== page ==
WITH diplomatic relations increasingly strained with Argentina over the Falklands, there are questions about the ability of today’s cut-back Royal Navy to reclaim the islands if they were invaded.
Defence experts, including Admiral Sir Sandy Woodward, who was in command of the Falklands Task Force, have repeatedly stressed that without aircraft carriers it would be impossible to provide the 24/7 air support Sea Harriers did in 1982.
Former First Sea Lord, Admiral Lord Alan West, says the navy has been ‘cut to the bone’ by the 2010 defence review, which left the UK with no carriers and a surface fleet of 19 destroyers and frigates. And Falklands naval air observer Rear Admiral Chris Parry has too raised concerns over the ‘hollowing out’ of the navy.
This was in evidence last year when the war in Libya meant the stretched navy couldn’t spare a Fleet Ready Escort for the whole of October – leaving no warship tasked with being on patrol in UK waters for four weeks.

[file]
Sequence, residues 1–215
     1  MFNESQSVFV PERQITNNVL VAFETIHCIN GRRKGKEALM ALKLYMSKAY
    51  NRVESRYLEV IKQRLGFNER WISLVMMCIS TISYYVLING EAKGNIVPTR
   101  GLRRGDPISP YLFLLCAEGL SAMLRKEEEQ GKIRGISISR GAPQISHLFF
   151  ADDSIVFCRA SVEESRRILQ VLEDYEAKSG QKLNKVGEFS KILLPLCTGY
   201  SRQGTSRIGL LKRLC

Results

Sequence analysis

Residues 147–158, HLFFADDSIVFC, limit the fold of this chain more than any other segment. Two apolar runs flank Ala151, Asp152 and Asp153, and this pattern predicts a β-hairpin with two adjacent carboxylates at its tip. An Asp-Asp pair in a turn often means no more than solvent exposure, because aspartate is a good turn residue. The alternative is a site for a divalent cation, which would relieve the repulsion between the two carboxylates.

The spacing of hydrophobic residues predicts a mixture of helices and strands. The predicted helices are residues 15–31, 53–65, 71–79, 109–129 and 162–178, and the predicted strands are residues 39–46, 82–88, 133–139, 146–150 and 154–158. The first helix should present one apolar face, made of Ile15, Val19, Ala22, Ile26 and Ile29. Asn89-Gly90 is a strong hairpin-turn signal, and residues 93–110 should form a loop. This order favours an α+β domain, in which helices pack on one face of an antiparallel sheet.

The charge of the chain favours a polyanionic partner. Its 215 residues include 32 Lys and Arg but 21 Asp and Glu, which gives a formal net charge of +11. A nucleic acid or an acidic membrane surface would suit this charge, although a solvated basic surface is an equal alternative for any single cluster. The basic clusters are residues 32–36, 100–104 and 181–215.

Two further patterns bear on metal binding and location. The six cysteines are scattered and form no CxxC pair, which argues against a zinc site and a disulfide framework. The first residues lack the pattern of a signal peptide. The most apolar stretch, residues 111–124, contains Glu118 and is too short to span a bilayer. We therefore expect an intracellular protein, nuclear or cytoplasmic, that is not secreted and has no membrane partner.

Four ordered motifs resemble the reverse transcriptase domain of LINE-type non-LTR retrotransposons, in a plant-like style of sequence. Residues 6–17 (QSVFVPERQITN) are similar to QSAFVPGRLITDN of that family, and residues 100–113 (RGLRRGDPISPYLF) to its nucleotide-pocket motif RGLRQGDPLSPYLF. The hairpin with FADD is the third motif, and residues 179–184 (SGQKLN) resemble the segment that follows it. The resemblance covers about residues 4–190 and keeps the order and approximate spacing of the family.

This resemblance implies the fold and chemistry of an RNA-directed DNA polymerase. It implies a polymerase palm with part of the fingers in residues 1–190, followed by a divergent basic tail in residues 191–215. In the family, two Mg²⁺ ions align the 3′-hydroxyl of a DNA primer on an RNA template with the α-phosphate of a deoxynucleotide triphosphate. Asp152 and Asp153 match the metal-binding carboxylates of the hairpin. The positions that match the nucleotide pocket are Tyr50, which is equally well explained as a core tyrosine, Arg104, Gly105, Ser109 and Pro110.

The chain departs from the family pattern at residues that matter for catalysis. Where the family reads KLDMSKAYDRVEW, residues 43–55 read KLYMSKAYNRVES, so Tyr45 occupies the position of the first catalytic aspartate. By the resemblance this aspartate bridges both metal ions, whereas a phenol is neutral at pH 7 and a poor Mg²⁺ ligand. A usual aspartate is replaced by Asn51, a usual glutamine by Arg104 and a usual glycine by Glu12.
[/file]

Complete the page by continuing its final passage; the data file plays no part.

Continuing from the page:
But a look at the Argentinian military today reveals they are in a comparatively far weaker position than 1982.
The country’s annual spend on defence is less than four per cent of the MoD’s budget this year.
And there’s been little or no advances in Argentina’s military equipment for 30 years.
The air force still uses 40-year-old Mirage jets, whereas Britain has invested in Typhoons and six new £1bn Type 45 air defence destroyers designed to take down supersonic targets.
Professor Michael Clarke, of the leading RUSI think-tank, said: ‘In military terms, the difference between Britain’s and Argentina’s relative technologies is probably approaching 80 to 100 years.’
He also said Argentina would struggle to take Mount Pleasant air base, which, unlike 1982, is now defended by 1,300 troops, four Typhoon jets, patrol vessel HMS Clyde and a warship – soon to be the Type 45 HMS Dauntless.
So while it’s true to say the Royal Navy couldn’t pull off re-taking the Falklands today, it’s also true that Argentina – for all its sabre-rattling – would struggle to invade and go to war in the first place.